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Functioning and Disability in Bipolar Disorder: An Extensive Review

Sanchez-Moreno J.a, c · Martinez-Aran A.b · Tabarés-Seisdedos R.d · Torrent C.a · Vieta E.b, e · Ayuso-Mateos J.L.c
aBipolar Disorders Program, Clinical Institute of Neuroscience, Hospital Clinic of Barcelona, IDIBAPS, and bBipolar Disorders Program, Clinical Institute of Neuroscience, Hospital Clinic of Barcelona, CIBERSAM, IDIBAPS, University of Barcelona, Barcelona, cDepartment of Psychiatry, Universidad Autónoma de Madrid, Hospital Universitario de la Princesa, CIBERSAM, Madrid, d Teaching Unit of Psychiatry and Psychological Medicine, Department of Medicine, University of Valencia, CIBERSAM, Valencia, and eCommittee on Functionality and Disability of the International Society for Bipolar Disorders, Barcelona, Spain Psychother Psychosom 2009;78:285–297 (DOI:10.1159/000228249)

Abstract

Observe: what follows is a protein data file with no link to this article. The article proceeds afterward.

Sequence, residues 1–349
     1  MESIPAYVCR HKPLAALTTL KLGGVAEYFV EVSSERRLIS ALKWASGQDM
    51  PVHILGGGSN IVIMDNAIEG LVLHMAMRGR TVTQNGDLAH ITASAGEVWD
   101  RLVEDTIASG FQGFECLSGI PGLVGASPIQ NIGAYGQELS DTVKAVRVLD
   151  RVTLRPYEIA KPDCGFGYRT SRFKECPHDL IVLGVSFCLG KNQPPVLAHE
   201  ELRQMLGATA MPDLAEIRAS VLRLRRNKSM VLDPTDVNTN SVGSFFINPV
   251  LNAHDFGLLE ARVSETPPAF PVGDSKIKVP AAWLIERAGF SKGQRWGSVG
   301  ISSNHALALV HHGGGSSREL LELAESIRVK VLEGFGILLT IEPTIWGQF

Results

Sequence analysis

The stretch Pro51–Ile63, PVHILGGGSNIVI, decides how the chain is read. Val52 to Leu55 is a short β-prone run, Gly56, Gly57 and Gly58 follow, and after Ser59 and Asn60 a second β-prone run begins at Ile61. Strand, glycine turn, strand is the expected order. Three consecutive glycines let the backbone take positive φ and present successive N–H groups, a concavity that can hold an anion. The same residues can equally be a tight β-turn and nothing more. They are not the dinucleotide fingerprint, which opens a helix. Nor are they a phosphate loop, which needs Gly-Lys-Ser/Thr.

Background: Bipolar disorder has generally been regarded as having a better functional outcome than schizophrenia. However, studies have suggested low functioning in bipolar patients even when they are in clinical remission. Our aim was to determine the degree of functioning and disability in bipolar patients. Secondly, we reviewed factors potentially associated with the low functioning of bipolar patients. Method: The authors conducted an extensive Medline and Pubmed search of the published literature from 1980 up to December 2007, using a variety of search terms to find relevant articles. Bibliographies of retrieved papers were further analysed for publications of interest. Articles that reported clinically significant findings on functioning and disability, and research reports were reviewed in detail. Results: From these articles, we determined that bipolar disorder is associated with significant impairment in work, family and social life, beyond the acute phases of the illness. The aspects that appear to increase the risk of low functioning and disability in bipolar patients are mainly subsyndromal symptoms and neurocognitive impairment, among others. Conclusions: Suitable pharmacological and psychological interventions may improve the level of functioning and reduce the disability in bipolar patients. Potential targets to be considered for intervention should be residual symptoms, comorbid conditions and neurocognitive deficits. Further research is required to better identify the factors that best predict functioning in bipolar patients.

 

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